Composting has ended at the Green Market

I wondered where the bins were last Saturday and then V. sent word: composting at the Saturday Green Market at Washington Market Park has ended permanently as of May 18. The Green Market composting program was eliminated by the mayor in November, part of budget cuts to the Department of Sanitation; 198 out of 266 food-scrap drop-off community sites went with it.

The city has already started requiring composting in Brooklyn and Queens, and Manhattan will start on Oct. 6, 2024. In the meantime, the city has two kinds of drop-off sites: the “Smart Composting Bins” controlled by an app (the orange pins above) and “Food Scrap Drop-Off Sites” largely inside parks (green pins).

NB: the green drop off sites cannot accept meat, bones or dairy.

You have to get the “NYC Compost” app to find and use the Smart Composting Bins — the locations are here on the DOS’ drop-off composting site list. Here’s the list:
> Chambers and Greenwich, northwest corner
> Chambers and West, northwest corner
> Harrison and Greenwich, southwest corner
> Franklin and Varick, southeast corner
> Broadway and Park Place, on the east side of Broadway

I still don’t love the opening on these — if you have a compost bin, you have to somehow shovel the scraps in what is a shallow opening like a mailbox, and often it drips on your shoes! But that’s the best we have until curbside pickup starts again.

What to compost in the Smart Composting Bins:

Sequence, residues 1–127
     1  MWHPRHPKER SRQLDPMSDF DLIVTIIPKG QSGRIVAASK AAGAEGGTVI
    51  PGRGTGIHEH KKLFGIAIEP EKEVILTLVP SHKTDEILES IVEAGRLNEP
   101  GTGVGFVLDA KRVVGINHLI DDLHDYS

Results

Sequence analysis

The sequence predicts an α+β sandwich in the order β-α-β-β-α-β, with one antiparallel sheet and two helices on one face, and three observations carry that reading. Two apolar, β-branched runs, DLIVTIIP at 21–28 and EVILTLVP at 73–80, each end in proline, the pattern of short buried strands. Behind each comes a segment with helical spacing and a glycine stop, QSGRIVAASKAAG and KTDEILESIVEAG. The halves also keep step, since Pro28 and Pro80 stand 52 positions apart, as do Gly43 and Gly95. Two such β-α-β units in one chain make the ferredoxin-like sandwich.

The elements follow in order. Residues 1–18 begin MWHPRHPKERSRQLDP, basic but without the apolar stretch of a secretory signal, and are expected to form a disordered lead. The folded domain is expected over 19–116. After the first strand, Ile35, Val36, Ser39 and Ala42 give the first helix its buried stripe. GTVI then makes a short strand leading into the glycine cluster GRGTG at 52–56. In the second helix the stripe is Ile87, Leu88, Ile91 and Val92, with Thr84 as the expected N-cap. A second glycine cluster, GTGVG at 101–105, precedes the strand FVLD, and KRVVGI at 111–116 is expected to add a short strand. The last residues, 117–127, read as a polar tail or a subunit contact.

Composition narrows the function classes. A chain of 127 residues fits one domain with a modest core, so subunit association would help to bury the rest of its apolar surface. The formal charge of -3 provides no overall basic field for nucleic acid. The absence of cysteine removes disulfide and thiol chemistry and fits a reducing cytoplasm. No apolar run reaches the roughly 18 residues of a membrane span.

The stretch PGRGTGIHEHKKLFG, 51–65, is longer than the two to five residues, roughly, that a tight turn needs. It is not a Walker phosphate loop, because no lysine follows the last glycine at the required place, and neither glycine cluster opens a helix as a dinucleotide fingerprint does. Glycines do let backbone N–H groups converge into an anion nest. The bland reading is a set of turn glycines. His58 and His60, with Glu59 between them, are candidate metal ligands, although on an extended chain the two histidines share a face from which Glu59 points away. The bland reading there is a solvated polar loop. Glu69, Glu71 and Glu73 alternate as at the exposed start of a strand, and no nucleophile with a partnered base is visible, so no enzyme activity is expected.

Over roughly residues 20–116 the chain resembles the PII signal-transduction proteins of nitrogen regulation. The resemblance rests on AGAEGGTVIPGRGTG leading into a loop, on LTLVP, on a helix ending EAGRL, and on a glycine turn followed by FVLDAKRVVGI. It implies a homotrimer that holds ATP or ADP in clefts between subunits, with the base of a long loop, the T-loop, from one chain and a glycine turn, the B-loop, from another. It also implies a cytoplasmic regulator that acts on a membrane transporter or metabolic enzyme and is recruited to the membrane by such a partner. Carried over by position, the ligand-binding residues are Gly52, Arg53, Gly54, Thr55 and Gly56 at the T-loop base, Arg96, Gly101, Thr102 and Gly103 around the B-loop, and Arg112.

ALL food scraps, plant waste, and food-soiled paper. This includes meat, bones, dairy, prepared foods, and greasy uncoated paper plates and pizza boxes.

What to compost in the Food Scrap Drop-Off Sites:
MOST food scraps, including fruits and vegetables, eggshells, coffee grounds and tea bags, bread, rice, and pasta. Plant waste, including leaf and yard waste and houseplants. No meat, bones or dairy.

What not to compost:
No trash such as diapers, personal hygiene products, animal waste, wrappers, non-paper packaging, and foam products.



  1. Freeze your food scraps! Then they don’t drizzle on your shoes or elsewhere.

  2. I second that! Even better, freeze in compostable bags and it’s easy to transfer mess-free.

  3. It’s too bad that the city felt composting at the green market wasn’t necessary. I do like the smart Bins, but they aren’t as selective with what they compost (they’ll take meat, bones and dairy) and I don’t believe they necessarily replenish local soils, but I could be wrong.